While the internet has allowed many of these changes to happen, you won’t see much of the web at the Harlem Village Academy school I visited, and not so much of it in this manifesto, either. The HVA is simply about people and the way they should be treated. It’s about abandoning a top-down industrial approach to processing students and embracing a very human, very personal and very powerful series of tools to produce a new generation of leaders.
There are literally thousands of ways to accomplish the result that Deborah Kenny and her team at HVA have accomplished. The method doesn’t matter to me, the outcome does. What I saw that day were students leaning forward in their seats, choosing to pay attention. I saw teachers engaged because they chose to as well, because they were thrilled at the privilege of teaching kids who wanted to be taught.
The two advantages most successful schools have are plenty of money and a pre-selected, motivated student body. It’s worth highlighting that the HVA doesn’t get to choose its students, they are randomly assigned by lottery. And the HVA receives less funding per student than the typical public school in New York. HVA works because they have figured out how to create a workplace culture that attracts the most talented teachers, fosters a culture of ownership, freedom and accountability, and then relentlessly transfers this passion to their students.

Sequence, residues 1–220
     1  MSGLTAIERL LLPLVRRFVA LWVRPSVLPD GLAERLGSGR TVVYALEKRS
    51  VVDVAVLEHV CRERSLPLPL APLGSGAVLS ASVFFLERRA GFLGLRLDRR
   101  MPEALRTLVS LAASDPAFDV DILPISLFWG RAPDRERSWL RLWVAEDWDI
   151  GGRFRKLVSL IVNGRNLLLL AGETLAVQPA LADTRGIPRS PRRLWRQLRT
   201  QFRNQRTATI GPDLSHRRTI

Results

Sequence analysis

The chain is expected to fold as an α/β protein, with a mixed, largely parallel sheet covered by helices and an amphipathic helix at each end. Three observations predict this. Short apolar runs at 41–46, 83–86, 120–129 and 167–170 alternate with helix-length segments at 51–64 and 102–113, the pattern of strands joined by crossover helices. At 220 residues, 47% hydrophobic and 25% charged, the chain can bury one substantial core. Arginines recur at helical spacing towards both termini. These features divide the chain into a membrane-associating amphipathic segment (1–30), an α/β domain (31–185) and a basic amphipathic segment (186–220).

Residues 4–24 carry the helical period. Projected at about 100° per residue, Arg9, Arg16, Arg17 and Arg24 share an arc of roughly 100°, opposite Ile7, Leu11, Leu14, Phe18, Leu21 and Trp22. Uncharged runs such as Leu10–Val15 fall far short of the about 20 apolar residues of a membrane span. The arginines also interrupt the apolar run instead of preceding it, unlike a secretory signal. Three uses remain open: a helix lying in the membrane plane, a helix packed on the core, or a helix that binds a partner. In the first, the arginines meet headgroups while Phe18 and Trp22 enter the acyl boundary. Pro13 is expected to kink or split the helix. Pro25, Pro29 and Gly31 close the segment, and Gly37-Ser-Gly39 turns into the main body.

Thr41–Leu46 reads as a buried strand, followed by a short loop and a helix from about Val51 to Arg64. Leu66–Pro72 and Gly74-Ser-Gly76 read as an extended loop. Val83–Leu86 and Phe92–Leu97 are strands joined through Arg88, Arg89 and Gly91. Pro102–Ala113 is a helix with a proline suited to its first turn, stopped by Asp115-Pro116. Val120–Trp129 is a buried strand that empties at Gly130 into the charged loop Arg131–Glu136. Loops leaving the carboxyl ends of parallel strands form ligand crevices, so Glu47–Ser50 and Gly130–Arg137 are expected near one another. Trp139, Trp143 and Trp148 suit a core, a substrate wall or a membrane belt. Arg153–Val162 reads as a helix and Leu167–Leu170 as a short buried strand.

Maestro Ben Zander talks about the transformation that happens when a kid actually learns to love music. For one year, two years, even three years, the kid trudges along. He hits every pulse, pounds every note and sweats the whole thing out.
Then he quits.
Except a few. The few with passion. The few who care.
Those kids lean forward and begin to play. They play as if they care, because they do. And as they lean forward, as they connect, they lift themselves off the piano seat, suddenly becoming, as Ben calls them, one-buttock players.
Playing as if it matters. Because it matters.
(This manifesto is) written as a series of essays or blog posts, partly because that’s how I write now, and partly because I’m hoping that one or more of them will spur you to share or rewrite or criticize a point I’m making. One side effect is that there’s some redundancy. I hope you can forgive me for that.
This isn’t a prescription. It’s not a manual. It’s a series of provocations, ones that might resonate and that I hope will provoke conversation.
Most of all, go do something. Write your own manifesto. Send this one to the teachers at your kid’s school. Ask hard questions at a board meeting. Start your own school. Post a video lecture or two. But don’t settle. Thanks for reading and sharing.
Initiating Comments by Trace Pickering, Director of Community Building:
I was ecstatic when Mr. Godin gave us permission to reprint this manifesto in segments to initiate some conversation. One of the things I continually run into is passionate, caring people who haven’t had the time or access to really explore the big “why” question: WHY are our schools the way they are? This manifesto goes right at some of the sacred – and often hidden – assumptions America has about “school.” His manifesto is designed to provoke – provoke us into deeper conversations, to force us to ask difficult and disconcerting questions, and to spur us to shared action. We are pleased you are joining us on this journey!